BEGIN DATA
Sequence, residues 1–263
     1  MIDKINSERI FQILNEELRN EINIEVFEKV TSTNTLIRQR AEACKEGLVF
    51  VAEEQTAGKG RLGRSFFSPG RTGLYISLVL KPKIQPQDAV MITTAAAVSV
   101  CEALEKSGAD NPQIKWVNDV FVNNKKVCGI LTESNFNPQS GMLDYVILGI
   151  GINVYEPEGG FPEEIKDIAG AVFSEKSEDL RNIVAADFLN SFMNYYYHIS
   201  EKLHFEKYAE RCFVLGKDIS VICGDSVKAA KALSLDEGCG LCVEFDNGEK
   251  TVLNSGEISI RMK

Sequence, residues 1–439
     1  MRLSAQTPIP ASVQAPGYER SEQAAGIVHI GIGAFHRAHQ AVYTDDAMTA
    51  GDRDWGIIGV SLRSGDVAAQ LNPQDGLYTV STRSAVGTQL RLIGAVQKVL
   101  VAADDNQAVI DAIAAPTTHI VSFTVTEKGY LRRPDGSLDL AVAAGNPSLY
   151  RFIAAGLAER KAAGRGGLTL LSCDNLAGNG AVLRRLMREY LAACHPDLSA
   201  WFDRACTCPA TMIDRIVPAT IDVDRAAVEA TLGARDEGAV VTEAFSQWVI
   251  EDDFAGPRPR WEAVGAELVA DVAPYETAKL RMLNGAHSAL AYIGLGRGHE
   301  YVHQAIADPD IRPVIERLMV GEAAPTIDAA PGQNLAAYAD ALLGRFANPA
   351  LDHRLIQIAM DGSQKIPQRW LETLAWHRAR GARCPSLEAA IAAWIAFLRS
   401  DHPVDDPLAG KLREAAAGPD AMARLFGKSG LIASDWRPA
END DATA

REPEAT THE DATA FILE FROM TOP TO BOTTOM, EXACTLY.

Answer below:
Sequence, residues 1–263
     1  MIDKINSERI FQILNEELRN EINIEVFEKV TSTNTLIRQR AEACKEGLVF
    51  VAEEQTAGKG RLGRSFFSPG RTGLYISLVL KPKIQPQDAV MITTAAAVSV
   101  CEALEKSGAD NPQIKWVNDV FVNNKKVCGI LTESNFNPQS GMLDYVILGI
   151  GINVYEPEGG FPEEIKDIAG AVFSEKSEDL RNIVAADFLN SFMNYYYHIS
   201  EKLHFEKYAE RCFVLGKDIS VICGDSVKAA KALSLDEGCG LCVEFDNGEK
   251  TVLNSGEISI RMK

Sequence, residues 1–439
     1  MRLSAQTPIP ASVQAPGYER SEQAAGIVHI GIGAFHRAHQ AVYTDDAMTA
    51  GDRDWGIIGV SLRSGDVAAQ LNPQDGLYTV STRSAVGTQL RLIGAVQKVL
   101  VAADDNQAVI DAIAAPTTHI VSFTVTEKGY LRRPDGSLDL AVAAGNPSLY
   151  RFIAAGLAER KAAGRGGLTL LSCDNLAGNG AVLRRLMREY LAACHPDLSA
   201  WFDRACTCPA TMIDRIVPAT IDVDRAAVEA TLGARDEGAV VTEAFSQWVI
   251  EDDFAGPRPR WEAVGAELVA DVAPYETAKL RMLNGAHSAL AYIGLGRGHE
   301  YVHQAIADPD IRPVIERLMV GEAAPTIDAA PGQNLAAYAD ALLGRFANPA
   351  LDHRLIQIAM DGSQKIPQRW LETLAWHRAR GARCPSLEAA IAAWIAFLRS
   401  DHPVDDPLAG KLREAAAGPD AMARLFGKSG LIASDWRPA